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A CurtainUp Review
Miracle Brothers


We are going to the human side Ė The Dolphins
You and I are more than black and white, we are Miracle Brothers. Ė Fernando and Green Eyes
Tyler Maynard as Fernando & and Kerry Butler as his mother Isabel.
Tyler Maynard as Fernando & and Kerry Butler as his mother Isabel. (Photo: Carol Rosegg)
Multi-talented Kirsten Childs made a big splash, make that a big ripple, at Playwrights Horizons in 2000 with her endearing semi-autobiographical musical The Bubbly Black Girl Sheds Her Chameleon Skin. With Miracle Brothers it is the fresh water dolphins that are creating the only splash in Childís flimsy fantasy adventure that surfaces, or rather sinks without a flipper, into the surf in 17th century Bahia, Brazil.

Apparently inspired by a legend that tells of these cetaceous mammals having the ability to transform themselves for sport into humans, Childs has charted a particularly messy course for her fun-and-games-loving subjects. Despite their easy transformation, one that requires little more than a swim through an undersea time portal, itís a rough life that they aspire towards as racially mixed humans.

We must assume that as the creator of the music, lyrics and book, Childs had a plan other than merely fulfilling a commissioned obligation to the Vineyardís Kitty Carlisle Hart Musical Theater Lab. Unfolding like a tacky childrenís theater production -- although one without a bit of wit, cleverness, or any consideration of a childís intelligence -- Miracle Brothers appears less the work of an artist of great promise than that of a floundering amateur.

Gonsidering Childís appealing score for The Bubbly Black Girl, it would seem reasonable to expect her music would be focused and atmospherically seductive with an occasional nod to the classic/traditional rhythms that define the music of Brazil. But this isnít a case of where is Villa Lobos when we need him, but rather why Childís musical impulses lead her to stray so far -- often from anything remotely musically characteristic of the setting. One might forgive this if her score was the least bit interesting or affecting.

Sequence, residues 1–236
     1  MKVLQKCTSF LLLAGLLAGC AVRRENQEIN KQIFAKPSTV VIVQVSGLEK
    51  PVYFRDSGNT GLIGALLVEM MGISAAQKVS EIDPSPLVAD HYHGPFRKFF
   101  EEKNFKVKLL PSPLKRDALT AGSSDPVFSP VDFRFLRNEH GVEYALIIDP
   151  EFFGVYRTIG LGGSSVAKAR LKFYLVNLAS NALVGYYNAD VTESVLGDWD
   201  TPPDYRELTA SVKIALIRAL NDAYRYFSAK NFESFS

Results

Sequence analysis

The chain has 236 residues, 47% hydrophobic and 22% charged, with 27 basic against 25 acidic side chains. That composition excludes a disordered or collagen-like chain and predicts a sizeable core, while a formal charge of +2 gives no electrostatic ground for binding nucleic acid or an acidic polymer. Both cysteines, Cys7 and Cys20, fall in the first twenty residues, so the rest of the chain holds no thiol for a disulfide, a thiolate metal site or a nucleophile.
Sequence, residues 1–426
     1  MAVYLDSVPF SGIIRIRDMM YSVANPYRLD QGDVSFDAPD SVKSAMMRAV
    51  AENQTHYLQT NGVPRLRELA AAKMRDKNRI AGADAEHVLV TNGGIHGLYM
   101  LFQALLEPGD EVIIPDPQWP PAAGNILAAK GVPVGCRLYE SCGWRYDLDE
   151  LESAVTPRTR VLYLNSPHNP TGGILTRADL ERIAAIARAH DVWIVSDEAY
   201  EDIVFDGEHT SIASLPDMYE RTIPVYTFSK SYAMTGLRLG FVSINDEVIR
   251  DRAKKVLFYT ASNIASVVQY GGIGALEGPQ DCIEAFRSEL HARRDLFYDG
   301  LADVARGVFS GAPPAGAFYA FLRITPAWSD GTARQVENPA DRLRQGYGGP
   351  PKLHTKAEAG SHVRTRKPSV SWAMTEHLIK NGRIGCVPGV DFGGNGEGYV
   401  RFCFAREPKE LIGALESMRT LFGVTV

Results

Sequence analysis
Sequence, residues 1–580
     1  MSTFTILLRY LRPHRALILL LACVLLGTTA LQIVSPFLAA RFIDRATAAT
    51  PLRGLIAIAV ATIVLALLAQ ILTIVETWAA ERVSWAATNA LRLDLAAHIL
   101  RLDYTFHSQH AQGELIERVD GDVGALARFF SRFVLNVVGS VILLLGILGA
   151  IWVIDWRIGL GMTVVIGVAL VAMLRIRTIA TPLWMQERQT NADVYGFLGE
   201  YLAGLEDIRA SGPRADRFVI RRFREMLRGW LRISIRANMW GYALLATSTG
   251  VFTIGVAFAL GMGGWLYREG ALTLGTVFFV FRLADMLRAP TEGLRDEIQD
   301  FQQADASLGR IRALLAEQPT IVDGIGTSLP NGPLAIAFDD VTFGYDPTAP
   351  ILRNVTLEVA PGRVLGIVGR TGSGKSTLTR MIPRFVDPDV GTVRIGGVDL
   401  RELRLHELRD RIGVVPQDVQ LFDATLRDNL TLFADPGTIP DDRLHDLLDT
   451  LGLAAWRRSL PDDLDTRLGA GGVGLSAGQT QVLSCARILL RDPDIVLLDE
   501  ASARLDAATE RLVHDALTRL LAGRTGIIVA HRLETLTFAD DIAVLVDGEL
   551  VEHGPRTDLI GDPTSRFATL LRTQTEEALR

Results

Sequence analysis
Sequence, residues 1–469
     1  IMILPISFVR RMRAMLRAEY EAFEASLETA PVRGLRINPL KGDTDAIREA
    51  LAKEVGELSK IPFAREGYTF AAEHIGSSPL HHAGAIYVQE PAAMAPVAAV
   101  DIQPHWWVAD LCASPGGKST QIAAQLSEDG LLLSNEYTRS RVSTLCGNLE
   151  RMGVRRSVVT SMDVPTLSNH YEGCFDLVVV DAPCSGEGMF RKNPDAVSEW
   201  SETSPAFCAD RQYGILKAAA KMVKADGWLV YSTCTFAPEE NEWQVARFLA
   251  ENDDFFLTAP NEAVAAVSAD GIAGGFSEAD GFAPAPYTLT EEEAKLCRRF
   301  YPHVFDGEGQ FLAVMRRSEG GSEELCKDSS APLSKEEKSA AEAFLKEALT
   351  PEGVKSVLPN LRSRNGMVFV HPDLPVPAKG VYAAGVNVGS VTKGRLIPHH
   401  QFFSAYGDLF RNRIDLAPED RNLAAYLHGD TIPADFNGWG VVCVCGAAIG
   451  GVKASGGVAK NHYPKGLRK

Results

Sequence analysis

The music is hardly helped by being heavily amplified (what a disgrace considering the small size of the Vineyard Theater), neither is it helped by lyrics that range from the banal to vulgar. The text, when it isnít being coy, tongue-in-cheek, or downright sophomoric does inform and make references to such words as Botos (the river dolphin), Candomble (A Brazilian religion), Capoeira (Afro-Brazilian martial arts), Bandeirantes (organized guns-for-hire) and quilombo (a republic of escaped slaves).

Act I sets up some expectation for a tale grounded in magic realism. However, Act II affects a jarring change of tone and temperament, veering wildly out of control both musically and dramatically and into the realm of old fashioned musical comedy. After this shape-shifting, the story involves the tenuous and tight relationship of Fernando (Tyler Maynard), the frail, consumptive white son of a lecherous plantation owner Lascivio (Jay Goede) and Fernando's black half brother Green Eyes (Clifton Oliver), a sturdy black slave. The boysí respective mothers Isabel (Kerry Butler) and Felicidade (Cheryl Freeman) try but fail to keep their sons apart. Tutored by his stronger brother in the art of Capoeira, Fernando builds up enough confidence to stand up to his father when he falsely accuses Isabel of being unfaithful. When Fernando accidentally kills Lascivio, Isabel, in an attempt to save him , accuses Green Eyes, who then flees into the jungle. In hot pursuit (think Uncle Tomís Cabin in the tropics), is the evil sneering, grimacing plantation overseer (William Youmans) and his pack of slave-catchers. Fernando also flees from the plantation into the jungle where he connects with Ginga (Nicole Leach), a sassy jungle-smart black babe wielding a mean machete who convinces herself that Fernando is black when she sees how sexy and adept he is with Capoeira.